Take the 2-minute tour ×
Stack Overflow is a question and answer site for professional and enthusiast programmers. It's 100% free.

I have three classes: Post, Post<T> and WallPost.

Post is an abstract class representing a blog post with properties like name , text, user, etc.

The second abstract class is Post<T>, the generic version of post so I can implement a generic GetChildren(T Post) to get the children of a post and build a hierarchal list.

The third class is the concrete 'WallPost' which is a specific post for a user's profile.

public class WallPost : Post<WallPost>

And finally a Member class which contains a collection of WallPosts.


I wrote a control that takes a collection of posts and displays it in a tree. One of the proerties I have on that control is

public IList<Post<Post>> Posts
        {
            get; set;
        }

(I use generics because I need to get the children, GetChildren(T Post)). and I set the type parameter as Post so it will accept any class that inherits from post, wallpost, blogpost, etc

Now my problem is that I want to pass a user's collection of WallPosts of type IList<WallPost> to the function and I get this error:

     Unable to cast object of type 'NHibernate.Collection.Generic.
PersistentGenericBag`1[BO.WallPost]'
 to type 'System.Collections.Generic.IList`1[BO.Post`1[BO.Post]]'.

I'm guessing this is because although you can write something like Post p = new WallPost() you can't have List<Post> posts = new List<WallPost>()

Anyways I'm completely baffled and I hope I made myself clear.

Thank you in advance

E

P.S. I use NHibernate and there is no mention whatsoever of a bag.

share|improve this question
1  
Man, the collection that you try to pass is obviously not a IList<WallPost>. Look at the exception, it is a NHibernate.Collection.Generic.PersistentGenericBag –  Genady Sergeev Apr 28 '11 at 12:13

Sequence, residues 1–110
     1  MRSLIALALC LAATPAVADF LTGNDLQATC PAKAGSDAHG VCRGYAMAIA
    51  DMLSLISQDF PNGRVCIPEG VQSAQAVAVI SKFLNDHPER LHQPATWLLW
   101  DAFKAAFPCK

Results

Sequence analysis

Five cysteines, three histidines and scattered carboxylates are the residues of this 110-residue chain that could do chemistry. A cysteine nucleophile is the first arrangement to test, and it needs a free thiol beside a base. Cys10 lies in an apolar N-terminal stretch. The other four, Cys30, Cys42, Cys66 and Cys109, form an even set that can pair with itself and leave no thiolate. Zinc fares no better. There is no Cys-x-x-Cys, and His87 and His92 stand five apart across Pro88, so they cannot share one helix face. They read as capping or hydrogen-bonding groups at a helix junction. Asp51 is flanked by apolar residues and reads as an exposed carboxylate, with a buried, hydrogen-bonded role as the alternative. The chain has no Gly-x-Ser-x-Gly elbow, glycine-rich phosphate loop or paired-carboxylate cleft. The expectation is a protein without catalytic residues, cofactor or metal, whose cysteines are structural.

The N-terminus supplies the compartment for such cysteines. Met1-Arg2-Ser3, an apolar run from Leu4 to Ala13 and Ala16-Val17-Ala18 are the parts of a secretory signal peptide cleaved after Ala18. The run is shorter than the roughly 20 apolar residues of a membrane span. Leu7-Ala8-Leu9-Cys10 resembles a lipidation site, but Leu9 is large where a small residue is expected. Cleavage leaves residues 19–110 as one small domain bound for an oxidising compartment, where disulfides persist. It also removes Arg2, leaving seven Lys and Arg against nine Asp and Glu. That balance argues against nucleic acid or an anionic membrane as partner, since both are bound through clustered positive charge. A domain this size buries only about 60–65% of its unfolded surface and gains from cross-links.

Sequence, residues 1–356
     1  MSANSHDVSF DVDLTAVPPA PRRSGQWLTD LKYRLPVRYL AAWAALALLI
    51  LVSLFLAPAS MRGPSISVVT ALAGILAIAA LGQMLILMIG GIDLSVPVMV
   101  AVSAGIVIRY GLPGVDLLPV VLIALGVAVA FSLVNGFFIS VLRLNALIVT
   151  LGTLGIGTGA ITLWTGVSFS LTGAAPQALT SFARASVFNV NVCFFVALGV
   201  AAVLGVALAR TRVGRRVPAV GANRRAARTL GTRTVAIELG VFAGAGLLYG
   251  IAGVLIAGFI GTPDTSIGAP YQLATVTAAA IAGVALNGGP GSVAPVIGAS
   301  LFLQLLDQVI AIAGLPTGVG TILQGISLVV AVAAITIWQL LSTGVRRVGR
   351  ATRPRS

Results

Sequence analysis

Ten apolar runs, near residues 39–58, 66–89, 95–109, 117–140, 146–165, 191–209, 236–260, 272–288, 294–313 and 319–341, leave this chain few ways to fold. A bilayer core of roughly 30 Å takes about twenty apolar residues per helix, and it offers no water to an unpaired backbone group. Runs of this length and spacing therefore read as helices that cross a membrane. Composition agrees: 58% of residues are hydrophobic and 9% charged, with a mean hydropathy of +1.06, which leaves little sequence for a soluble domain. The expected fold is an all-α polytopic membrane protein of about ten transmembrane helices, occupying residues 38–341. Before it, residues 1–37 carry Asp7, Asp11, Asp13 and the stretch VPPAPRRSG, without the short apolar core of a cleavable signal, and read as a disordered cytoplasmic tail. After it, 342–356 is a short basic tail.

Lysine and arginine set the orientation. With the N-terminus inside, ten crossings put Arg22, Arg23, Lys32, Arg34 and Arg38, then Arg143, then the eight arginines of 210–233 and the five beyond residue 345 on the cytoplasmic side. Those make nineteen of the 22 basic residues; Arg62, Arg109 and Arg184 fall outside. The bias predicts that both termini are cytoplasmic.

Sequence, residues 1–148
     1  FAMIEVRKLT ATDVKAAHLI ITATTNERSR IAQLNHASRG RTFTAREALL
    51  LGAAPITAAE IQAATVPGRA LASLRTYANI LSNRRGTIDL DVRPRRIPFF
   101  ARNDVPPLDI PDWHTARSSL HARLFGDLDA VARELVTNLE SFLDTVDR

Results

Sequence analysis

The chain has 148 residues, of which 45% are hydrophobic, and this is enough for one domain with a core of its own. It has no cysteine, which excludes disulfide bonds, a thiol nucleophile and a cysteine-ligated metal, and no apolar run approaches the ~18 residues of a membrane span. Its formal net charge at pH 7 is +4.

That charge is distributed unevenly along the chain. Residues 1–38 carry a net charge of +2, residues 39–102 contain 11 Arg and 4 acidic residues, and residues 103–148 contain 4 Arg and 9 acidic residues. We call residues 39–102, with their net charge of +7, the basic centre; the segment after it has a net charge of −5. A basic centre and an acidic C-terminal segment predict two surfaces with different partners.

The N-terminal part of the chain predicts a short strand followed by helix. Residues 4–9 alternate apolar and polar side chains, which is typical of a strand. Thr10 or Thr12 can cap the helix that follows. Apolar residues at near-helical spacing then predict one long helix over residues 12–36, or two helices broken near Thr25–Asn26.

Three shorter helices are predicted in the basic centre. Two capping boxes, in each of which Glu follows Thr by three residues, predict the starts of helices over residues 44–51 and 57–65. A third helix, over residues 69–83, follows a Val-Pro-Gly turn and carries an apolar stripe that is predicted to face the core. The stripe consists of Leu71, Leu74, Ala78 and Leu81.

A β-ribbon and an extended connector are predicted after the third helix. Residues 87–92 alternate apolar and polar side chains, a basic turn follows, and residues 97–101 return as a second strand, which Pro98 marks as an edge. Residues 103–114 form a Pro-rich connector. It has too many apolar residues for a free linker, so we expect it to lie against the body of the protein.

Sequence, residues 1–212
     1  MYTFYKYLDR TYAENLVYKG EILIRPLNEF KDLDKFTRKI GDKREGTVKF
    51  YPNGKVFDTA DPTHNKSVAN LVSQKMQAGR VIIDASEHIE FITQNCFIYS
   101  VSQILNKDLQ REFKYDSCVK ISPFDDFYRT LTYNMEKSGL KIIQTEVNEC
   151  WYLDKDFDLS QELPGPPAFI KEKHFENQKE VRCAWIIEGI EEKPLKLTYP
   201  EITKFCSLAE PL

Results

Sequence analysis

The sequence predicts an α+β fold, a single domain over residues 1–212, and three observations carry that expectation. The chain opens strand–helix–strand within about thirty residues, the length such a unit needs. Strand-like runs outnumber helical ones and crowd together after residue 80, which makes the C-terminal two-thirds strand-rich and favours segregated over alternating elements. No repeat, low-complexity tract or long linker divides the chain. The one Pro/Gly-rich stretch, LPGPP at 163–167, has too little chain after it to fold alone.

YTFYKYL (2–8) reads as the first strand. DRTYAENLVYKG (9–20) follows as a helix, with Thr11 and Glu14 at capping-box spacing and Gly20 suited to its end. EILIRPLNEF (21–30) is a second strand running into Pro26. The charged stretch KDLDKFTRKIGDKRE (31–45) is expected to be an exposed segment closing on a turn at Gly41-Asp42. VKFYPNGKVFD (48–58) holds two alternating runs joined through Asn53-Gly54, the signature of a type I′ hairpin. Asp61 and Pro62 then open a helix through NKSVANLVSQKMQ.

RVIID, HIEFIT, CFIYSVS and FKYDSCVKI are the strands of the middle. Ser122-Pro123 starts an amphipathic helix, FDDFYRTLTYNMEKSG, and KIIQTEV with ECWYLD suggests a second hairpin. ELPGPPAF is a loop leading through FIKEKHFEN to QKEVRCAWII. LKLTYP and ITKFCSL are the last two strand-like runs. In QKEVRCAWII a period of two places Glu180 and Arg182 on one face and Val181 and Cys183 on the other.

possible duplicate of Explicit Casting Problem –  thecoop Apr 28 '11 at 12:15
    
I noticed that but nowhere in my code do I mention bags or anything, it's all IList –  Eitan Apr 28 '11 at 12:15

3 Answers 3

You're trying to use generic covariance in a way that is not type-safe.

What would happen if you write

List<WallPost> wallList = new List<WallPost>();
List<Post> pList = wallList;
pList.Add(new OtherPost());        //Not a WallPost!

You can only do with with read-only interfaces (IEnumerable<Post>), or arrays.

share|improve this answer
    
The problem is I can only use IList because of the Nhibernate framework. –  Eitan Apr 28 '11 at 12:19
    
ok I cast WallPosts to Enumerable 'AsEnumerable' and changed the datatype of the posts property in the control to IEnumerable<Post<Post>> and get the error 'cannot implicitly convert type 'System.Collections.Generic.IEnumerable<BO.WallPost>' to 'System.Collections.Generic.IEnumerable<BO.Post<BO.Post>> ' –  Eitan Apr 28 '11 at 12:33
    
@Eitan: A WallPost isn't a Post<Post>. –  SLaks Apr 28 '11 at 13:24
    
yeah but WallPost inherits Post<Post> this is getting to really be confusing :) –  Eitan May 1 '11 at 12:48
    
In .Net 4.0, that should work. –  SLaks May 1 '11 at 13:33

You need to check your NHibernate mappings. NHibernate is treating your collection as a bag instead of as a list.

From the NHibernate perspective, a list may not be the appropriate choice. A list gives you index-based access to the members of your collection, but you must have a list index column in your table in order for NHibernate to map it as a list.

You should probably check out the NHibernate collection mapping options and choose the one that best matches your case (set, bag, list, etc.).

share|improve this answer
    
I'm using the automapper so I'm not really touching the mapping files or anything –  Eitan Apr 28 '11 at 12:35
    
Well, you need to check your mapping setup. Whatever is doing the mapping is mapping your collection as a bag. –  Sean Carpenter Apr 28 '11 at 12:36

In order to work, you could use:

public IList<Post<WallPost>> Posts
{
    get; set;
}

and casting when assigning it:

bla.Posts = posts.Cast<Post<WallPost>>();
share|improve this answer

Your Answer

 
discard

By posting your answer, you agree to the privacy policy and terms of service.

Not the answer you're looking for? Browse other questions tagged or ask your own question.